The ACJHR’s jurisdiction overlaps with the ICC. Both are established as permanent courts. The ACJHR is silent on the issue of complementary jurisdiction with the ICC, while the Rome Statute (which established the ICC) is silent on the issue of complementary jurisdiction with any regional court. Both Article 1 and paragraph 10 of the Preamble of the Rome Statute stipulate that the Court shall be complementary to national criminal jurisdictions. Furthermore, Article 46H of the Malabo Protocol states the ACJHR shall be complementary to national criminal jurisdictions and to courts of the Regional Economic Communities. Both courts have international treaties empowering them to exercise jurisdiction over core international crimes. Of the 55 African states, 33 have ratified the Rome Statute, becoming State Parties to the ICC. These African states are likely to have competing obligations to both the ICC and the ACJHR.
With respect to immunities, Article 46Abis provides that:
No charges shall be commenced or continued before the Court against any serving AU Head of State or Government, or anybody acting or entitled to act in such capacity, or other senior state officials based on their functions, during their tenure of office.
The inclusion of a provision on immunities for serious crimes committed in violation of international law has gravely alarmed African civil society organisations and international organisations with a presence in Africa. Some academics have warned that the ‘…regional court will only insulate the “dictators club” from facing international criminal justice’ [p 720]. On this point, the ACJHR stands alone; the legal instruments of the ICC along with ad hoc tribunals and special courts do not contain such limiting provisions.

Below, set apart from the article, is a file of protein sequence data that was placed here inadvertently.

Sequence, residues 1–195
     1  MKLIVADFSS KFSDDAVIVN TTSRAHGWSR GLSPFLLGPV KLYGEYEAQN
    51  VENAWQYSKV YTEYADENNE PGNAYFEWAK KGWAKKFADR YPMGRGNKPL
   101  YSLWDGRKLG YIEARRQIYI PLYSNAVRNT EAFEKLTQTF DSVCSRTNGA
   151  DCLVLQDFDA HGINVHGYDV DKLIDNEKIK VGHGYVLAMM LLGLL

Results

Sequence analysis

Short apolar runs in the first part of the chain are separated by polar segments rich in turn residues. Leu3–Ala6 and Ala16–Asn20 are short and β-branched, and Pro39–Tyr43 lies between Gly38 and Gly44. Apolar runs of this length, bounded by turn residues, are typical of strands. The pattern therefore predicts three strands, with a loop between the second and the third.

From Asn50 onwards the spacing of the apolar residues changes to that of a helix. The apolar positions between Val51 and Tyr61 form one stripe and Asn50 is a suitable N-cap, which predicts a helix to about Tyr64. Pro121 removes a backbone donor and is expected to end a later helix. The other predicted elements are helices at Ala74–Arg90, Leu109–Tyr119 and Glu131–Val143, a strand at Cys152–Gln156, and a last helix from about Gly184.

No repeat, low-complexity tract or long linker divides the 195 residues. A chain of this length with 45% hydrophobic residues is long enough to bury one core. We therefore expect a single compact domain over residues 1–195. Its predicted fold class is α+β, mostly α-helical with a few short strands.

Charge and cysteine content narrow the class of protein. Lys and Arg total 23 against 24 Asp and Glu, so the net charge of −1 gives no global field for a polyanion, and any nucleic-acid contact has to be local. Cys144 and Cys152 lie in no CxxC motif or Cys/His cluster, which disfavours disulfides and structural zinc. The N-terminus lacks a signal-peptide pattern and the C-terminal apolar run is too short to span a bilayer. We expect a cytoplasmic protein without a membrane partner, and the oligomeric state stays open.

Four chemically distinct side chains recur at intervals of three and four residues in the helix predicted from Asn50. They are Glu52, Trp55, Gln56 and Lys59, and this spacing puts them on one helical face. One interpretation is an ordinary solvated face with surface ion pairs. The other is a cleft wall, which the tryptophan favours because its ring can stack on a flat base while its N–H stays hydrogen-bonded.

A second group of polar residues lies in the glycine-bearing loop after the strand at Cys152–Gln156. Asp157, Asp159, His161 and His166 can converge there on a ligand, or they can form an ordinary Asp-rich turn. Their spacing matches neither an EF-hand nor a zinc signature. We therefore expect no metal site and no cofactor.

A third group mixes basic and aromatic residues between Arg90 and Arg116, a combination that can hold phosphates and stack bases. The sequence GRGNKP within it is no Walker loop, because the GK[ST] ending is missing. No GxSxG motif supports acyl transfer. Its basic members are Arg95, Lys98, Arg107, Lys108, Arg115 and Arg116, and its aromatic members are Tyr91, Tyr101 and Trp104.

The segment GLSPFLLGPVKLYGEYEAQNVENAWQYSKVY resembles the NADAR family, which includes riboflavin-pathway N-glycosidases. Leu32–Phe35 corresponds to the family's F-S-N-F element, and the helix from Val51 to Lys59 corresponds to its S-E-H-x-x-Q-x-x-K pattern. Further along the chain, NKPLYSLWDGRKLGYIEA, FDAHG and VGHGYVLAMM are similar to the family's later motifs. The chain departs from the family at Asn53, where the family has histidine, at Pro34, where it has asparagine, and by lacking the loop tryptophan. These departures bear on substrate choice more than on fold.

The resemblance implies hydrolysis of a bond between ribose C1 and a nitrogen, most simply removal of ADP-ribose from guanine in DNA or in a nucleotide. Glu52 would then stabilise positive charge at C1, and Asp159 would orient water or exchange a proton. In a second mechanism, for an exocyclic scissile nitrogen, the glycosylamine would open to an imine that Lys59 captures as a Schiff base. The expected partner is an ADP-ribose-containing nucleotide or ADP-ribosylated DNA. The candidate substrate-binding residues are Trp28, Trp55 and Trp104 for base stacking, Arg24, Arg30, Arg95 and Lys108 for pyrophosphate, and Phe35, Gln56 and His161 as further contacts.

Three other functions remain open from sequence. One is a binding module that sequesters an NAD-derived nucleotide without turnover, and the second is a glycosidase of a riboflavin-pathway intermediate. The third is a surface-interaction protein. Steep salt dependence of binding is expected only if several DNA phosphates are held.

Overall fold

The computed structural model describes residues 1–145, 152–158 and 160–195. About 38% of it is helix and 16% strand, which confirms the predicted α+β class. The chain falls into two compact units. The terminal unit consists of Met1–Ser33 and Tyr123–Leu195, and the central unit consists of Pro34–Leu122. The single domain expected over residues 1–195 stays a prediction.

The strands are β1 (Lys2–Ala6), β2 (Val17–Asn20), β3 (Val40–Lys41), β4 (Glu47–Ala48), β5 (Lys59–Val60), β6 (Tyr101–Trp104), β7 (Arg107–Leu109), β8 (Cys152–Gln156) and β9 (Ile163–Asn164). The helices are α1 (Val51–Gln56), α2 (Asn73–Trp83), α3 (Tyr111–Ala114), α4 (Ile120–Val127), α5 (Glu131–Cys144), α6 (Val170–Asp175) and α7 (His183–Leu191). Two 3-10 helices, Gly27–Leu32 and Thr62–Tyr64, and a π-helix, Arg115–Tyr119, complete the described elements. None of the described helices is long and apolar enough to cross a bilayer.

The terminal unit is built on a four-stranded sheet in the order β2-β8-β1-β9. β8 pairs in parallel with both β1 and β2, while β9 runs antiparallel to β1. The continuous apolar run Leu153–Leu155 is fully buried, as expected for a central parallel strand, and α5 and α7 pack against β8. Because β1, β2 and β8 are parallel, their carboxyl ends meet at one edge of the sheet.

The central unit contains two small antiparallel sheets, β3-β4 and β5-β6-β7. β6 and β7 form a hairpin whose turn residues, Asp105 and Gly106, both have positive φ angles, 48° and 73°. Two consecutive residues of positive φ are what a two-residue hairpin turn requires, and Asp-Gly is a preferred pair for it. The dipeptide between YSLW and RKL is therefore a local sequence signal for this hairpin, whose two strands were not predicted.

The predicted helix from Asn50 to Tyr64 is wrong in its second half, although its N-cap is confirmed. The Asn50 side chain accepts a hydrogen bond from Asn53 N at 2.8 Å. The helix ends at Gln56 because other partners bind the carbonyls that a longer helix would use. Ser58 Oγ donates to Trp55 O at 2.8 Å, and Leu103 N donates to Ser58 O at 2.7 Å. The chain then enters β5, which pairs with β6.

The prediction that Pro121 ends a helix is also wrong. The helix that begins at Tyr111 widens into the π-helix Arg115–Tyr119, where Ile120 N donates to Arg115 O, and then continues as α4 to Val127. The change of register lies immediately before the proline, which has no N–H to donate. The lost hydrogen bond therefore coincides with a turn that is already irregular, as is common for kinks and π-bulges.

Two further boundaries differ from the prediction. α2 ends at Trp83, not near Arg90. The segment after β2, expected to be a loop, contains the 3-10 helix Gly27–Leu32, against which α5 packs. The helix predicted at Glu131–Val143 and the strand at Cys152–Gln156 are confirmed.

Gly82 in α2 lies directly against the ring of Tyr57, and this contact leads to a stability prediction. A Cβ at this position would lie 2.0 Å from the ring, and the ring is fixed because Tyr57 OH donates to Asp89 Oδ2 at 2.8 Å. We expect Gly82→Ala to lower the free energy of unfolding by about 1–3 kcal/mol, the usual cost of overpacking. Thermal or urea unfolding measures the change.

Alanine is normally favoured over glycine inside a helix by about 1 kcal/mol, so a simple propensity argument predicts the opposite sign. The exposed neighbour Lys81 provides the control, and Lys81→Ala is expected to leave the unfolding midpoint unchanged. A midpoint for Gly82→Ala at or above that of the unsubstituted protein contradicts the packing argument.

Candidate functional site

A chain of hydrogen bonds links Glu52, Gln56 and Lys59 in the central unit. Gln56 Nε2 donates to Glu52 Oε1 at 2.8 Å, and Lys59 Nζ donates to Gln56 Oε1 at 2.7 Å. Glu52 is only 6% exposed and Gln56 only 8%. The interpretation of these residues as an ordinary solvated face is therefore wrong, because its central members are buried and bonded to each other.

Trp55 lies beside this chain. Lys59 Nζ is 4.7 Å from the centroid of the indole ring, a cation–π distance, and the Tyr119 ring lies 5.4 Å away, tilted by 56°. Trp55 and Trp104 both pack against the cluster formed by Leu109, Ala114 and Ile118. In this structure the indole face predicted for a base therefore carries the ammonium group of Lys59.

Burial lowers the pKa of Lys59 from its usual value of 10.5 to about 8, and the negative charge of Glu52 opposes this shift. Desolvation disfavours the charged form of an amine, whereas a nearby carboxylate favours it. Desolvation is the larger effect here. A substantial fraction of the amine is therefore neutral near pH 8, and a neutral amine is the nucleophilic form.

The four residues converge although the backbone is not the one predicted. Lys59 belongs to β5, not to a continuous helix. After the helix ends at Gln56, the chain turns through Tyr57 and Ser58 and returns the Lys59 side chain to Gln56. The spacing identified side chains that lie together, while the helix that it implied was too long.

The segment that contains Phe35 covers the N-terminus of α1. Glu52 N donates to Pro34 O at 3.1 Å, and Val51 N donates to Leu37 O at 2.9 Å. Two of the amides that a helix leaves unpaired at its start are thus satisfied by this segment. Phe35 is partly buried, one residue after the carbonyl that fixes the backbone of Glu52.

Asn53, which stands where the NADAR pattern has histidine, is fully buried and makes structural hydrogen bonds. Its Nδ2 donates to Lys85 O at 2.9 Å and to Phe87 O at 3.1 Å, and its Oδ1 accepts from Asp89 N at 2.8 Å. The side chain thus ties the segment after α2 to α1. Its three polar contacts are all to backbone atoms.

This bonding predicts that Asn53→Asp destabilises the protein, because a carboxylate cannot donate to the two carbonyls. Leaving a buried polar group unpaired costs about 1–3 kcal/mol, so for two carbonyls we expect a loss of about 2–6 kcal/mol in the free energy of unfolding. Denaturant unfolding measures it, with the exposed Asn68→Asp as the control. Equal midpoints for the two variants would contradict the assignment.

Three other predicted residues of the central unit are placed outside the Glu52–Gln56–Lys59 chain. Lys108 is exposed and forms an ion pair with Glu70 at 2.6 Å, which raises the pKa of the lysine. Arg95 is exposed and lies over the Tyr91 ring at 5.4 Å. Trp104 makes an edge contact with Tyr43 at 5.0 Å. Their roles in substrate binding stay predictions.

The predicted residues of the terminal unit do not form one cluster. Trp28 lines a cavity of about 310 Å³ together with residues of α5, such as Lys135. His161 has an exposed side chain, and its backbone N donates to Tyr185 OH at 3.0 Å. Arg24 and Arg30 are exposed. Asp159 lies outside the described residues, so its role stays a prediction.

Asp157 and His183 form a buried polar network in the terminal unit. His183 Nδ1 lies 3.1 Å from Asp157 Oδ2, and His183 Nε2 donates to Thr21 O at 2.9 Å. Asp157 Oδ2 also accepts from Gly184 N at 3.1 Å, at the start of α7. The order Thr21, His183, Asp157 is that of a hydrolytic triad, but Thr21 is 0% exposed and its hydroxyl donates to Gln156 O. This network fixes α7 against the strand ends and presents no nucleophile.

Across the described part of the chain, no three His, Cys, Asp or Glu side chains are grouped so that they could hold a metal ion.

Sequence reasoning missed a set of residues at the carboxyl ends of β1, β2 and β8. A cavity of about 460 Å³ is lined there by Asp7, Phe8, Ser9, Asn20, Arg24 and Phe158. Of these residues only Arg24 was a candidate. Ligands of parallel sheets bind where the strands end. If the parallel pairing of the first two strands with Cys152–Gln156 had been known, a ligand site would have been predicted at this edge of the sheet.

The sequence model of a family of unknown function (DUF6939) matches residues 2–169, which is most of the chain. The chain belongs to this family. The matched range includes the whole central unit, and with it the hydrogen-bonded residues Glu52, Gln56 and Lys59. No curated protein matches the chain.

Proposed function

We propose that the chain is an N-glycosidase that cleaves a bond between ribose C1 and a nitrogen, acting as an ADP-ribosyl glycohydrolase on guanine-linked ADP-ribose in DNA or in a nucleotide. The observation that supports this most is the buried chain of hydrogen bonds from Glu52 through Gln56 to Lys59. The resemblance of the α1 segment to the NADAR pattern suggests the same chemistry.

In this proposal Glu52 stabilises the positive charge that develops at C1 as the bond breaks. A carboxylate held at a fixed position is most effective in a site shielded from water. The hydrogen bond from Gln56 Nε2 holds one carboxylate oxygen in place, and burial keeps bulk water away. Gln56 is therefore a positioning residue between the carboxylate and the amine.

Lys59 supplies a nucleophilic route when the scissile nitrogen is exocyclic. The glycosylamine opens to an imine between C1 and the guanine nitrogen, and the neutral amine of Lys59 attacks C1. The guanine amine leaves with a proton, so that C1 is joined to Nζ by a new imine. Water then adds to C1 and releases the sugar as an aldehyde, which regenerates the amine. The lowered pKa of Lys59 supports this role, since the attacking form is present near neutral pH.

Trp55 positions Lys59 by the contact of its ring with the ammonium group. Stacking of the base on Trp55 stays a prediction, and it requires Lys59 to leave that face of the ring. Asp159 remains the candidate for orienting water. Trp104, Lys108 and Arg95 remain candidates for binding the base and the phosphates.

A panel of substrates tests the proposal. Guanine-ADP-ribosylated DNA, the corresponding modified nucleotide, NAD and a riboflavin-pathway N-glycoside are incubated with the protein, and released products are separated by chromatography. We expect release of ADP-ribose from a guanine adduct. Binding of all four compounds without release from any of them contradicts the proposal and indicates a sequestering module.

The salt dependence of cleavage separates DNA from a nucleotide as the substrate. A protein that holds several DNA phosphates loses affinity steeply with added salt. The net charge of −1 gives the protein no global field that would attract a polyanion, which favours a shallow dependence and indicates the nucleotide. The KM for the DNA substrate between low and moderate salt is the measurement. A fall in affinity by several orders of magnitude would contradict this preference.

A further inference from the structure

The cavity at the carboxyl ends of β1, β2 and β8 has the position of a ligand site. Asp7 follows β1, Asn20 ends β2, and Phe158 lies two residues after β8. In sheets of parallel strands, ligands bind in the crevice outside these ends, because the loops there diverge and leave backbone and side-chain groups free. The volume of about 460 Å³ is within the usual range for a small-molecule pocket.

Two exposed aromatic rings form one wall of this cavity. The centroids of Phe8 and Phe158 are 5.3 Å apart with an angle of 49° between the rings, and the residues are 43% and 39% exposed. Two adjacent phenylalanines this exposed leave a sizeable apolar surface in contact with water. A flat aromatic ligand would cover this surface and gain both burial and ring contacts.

Another concern is the financing of the ACJHR. This is a concern given that over half of the court’s Member States are also State Parties to the Rome Statute. Financial obligations may be called into question, causing members to pull resources from one court to support the other; as for which one remains to be seen. A deeply problematic factor is the number of African states that failed to honour their financial obligations in the Hissene Habré trial held in Senegal, despite pledging funds for the establishment of the Extraordinary African Chambers. That trial involved the prosecution of Habré, former Head of State of Chad, for international crimes perpetrated during his official tenure. Critics argue that if these states failed to support one case of great significance for the continent, what more could they do to support the ACJHR?
Furthermore, the court’s parent body, the AU, has equally been under fire for continually establishing additional institutions yet failing to garner resources for its own operations. The AU is heavily reliant on international donor funds, and in some instances, these donors are reported to have threatened to pull resources if the ACJHR continues to hold on to the Article 46Abis Malabo Protocol immunity provisions.
Dr Jessie Chella is a Lecturer with the School of Law, The University of the South Pacific, Vanuatu. (Jessie.Chella@usp.ac.fj). Jessie holds a PhD and LLM (by Research) from Bond University, Australia, specialising in international criminal law. She is admitted as a Solicitor in New South Wales, Australia, as well as Assistant to Counsel at the International Criminal Court in the Netherlands.